GUILTY or NO CONTEST?

What is the Difference and What is best for me?

By: Brian Goza

When defending a case, the priority is always to have your client exonerated. Every case should be approached with that as the objective. All available evidence should be examined with that in mind. But, what happens if the evidence needed for the state to gain a conviction is clearly present?

When the prosecutor clearly has the upper hand, many cases are resolved by plea agreement. This means that the accused will enter a plea of either guilty or no contest, also referred to as nolo contendere. What are the differences between the two pleas and what are the legal effects?

When there is a plea bargain, generally the defendant will enter a plea of guilty. A guilty plea is a judicial admission that the accused committed the acts that the state has alleged which constitute a criminal offense. In felony cases, these allegations are contained in the state’s indictment. In misdemeanors, they are contained in a document called an information.

The other alternative is a plea of no contest to the prosecutor’s allegations. A plea of no contest is not an admission that the accused committed the act alleged in the charging instrument. Pleading no contest serves only as an admission that there is sufficient evidence for a judge or jury to find the defendant guilty, and that the defendant has chosen to not challenge that evidence.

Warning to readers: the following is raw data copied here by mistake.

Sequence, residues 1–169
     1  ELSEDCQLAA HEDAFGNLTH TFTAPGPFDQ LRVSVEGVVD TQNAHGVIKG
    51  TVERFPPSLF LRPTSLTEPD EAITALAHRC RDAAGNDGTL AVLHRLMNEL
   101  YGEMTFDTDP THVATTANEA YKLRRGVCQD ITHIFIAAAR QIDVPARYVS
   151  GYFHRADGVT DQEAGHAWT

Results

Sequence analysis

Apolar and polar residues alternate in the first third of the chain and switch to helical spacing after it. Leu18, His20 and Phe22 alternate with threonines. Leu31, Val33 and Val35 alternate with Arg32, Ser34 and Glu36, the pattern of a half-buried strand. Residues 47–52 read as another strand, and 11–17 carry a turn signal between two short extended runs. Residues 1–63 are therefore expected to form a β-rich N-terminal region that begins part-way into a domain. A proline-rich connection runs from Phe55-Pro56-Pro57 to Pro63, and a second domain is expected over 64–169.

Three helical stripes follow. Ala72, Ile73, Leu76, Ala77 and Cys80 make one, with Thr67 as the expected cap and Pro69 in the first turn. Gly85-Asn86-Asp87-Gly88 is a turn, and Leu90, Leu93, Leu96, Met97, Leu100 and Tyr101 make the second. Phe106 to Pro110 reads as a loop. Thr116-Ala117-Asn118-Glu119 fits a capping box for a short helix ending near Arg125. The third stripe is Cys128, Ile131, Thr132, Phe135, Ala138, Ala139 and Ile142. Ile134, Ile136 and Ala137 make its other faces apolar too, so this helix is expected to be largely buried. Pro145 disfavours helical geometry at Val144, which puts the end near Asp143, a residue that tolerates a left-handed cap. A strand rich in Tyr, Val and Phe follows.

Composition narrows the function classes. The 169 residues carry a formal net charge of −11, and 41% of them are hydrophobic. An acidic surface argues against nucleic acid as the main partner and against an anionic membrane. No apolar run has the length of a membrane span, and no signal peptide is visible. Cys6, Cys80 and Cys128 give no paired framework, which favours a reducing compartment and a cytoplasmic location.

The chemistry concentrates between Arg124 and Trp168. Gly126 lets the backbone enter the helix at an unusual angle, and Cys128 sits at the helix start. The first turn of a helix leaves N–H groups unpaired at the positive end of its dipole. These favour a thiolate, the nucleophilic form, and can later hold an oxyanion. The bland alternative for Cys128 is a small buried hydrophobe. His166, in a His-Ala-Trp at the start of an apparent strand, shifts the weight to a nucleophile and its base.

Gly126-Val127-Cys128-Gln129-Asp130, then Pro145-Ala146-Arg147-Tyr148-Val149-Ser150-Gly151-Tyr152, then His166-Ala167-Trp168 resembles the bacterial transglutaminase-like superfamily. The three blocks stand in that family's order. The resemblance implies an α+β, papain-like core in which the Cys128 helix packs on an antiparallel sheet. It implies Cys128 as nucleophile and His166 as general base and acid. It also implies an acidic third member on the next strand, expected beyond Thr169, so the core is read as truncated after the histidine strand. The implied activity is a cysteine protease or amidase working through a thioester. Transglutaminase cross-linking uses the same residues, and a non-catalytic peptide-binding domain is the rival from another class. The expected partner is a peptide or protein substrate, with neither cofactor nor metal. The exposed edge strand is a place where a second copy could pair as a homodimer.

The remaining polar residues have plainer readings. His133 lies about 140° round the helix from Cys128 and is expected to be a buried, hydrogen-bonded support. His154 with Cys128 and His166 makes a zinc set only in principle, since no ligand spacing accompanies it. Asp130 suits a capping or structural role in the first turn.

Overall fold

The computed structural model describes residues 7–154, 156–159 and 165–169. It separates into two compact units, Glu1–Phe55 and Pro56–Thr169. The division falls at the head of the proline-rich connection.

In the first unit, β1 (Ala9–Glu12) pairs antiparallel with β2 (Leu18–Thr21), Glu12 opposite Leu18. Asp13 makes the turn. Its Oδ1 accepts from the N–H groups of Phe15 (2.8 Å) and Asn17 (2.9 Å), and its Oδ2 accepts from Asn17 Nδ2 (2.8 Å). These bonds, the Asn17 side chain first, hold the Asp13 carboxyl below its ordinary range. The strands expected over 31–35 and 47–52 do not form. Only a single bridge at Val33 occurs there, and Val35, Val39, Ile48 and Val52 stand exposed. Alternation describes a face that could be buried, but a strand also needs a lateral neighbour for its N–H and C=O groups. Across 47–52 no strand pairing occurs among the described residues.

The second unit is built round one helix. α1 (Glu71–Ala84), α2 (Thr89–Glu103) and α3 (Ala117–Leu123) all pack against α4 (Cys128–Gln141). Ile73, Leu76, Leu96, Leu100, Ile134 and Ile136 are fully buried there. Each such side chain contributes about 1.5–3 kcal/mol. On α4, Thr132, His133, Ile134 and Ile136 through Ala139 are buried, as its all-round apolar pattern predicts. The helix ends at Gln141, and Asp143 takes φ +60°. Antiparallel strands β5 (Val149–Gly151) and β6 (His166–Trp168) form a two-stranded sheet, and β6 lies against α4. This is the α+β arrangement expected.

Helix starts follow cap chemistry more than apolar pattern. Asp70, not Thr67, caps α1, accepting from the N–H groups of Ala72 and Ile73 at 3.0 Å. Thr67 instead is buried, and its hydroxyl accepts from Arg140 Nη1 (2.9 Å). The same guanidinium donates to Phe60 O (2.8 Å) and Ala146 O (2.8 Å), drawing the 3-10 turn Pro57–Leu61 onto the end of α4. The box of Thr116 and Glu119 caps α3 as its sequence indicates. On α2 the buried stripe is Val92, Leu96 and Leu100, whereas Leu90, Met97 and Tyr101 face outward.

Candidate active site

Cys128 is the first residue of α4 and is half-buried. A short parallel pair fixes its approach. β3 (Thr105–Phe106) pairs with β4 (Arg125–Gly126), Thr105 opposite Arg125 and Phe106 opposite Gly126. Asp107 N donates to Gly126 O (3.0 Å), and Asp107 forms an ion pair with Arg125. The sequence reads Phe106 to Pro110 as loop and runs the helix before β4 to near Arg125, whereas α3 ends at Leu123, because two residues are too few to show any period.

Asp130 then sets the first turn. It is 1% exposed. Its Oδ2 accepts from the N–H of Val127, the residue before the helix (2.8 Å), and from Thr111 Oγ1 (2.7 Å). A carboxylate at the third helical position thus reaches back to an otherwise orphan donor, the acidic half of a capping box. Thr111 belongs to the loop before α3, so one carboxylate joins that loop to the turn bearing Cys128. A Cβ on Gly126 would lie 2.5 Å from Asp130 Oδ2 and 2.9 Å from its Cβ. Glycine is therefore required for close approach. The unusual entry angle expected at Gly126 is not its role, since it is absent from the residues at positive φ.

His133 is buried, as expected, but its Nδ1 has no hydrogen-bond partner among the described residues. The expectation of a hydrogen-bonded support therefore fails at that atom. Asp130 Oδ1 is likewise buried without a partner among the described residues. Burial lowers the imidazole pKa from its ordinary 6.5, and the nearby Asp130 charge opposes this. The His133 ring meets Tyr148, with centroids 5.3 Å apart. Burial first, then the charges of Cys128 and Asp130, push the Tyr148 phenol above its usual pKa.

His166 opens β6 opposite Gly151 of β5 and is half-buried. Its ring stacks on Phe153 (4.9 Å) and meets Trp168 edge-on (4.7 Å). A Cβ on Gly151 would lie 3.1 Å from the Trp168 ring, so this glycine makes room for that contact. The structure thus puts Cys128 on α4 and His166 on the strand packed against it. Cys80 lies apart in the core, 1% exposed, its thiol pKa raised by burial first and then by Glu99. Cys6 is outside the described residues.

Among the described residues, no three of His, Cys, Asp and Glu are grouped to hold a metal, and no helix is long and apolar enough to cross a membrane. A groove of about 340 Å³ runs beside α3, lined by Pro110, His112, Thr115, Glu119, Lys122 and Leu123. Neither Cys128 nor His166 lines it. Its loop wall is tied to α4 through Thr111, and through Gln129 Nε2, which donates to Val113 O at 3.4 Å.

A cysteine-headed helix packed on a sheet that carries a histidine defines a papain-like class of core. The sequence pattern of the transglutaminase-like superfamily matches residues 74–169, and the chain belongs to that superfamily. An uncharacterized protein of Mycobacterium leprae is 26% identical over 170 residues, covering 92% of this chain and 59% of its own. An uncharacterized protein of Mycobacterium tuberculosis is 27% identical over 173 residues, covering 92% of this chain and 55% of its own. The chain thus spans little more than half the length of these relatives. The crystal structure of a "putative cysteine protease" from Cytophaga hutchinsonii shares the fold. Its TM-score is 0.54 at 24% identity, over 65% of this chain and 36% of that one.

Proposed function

The legal effect of the two pleas is very similar. Either is sufficient for the judge to find the defendant guilty, or that sufficient evidence exists to establish the defendant’s guilt, if the defendant receives deferred adjudication. There are several aspects of the two pleas which would at times make a plea of no contest more advantageous for the defendant.

First, in a plea of no contest, because the defendant does not admit that that committed the alleged acts, a defendant who believes that he did not commit the crime may except a punishment from the court. This limits a defendant’s potential exposure that is inherent in going to trial.

Second, unlike a plea of guilty, a plea of no contest may not be used against a defendant in a civil proceeding. This fact can have significant importance when a criminal defendant could be held liable civilly for monetary damages caused by their actions in commission of the crime. For instance, when a person is arrested for DWI and there is an accident it can be very important to plead no contest instead of guilty in a plea bargain agreement. A no contest plea would allow the defendant to dispute the issues of whether he was driving, and whether he was intoxicated if sued civilly for monetary damages resulting from the accident.

It is within the discretion of the court to except or reject any plea. Most judges, however, are more hesitant to except no contest plea then a guilty plea. It is important to make the nature of the plea, either no contest or guilty, part of plea negotiations with the prosecutor.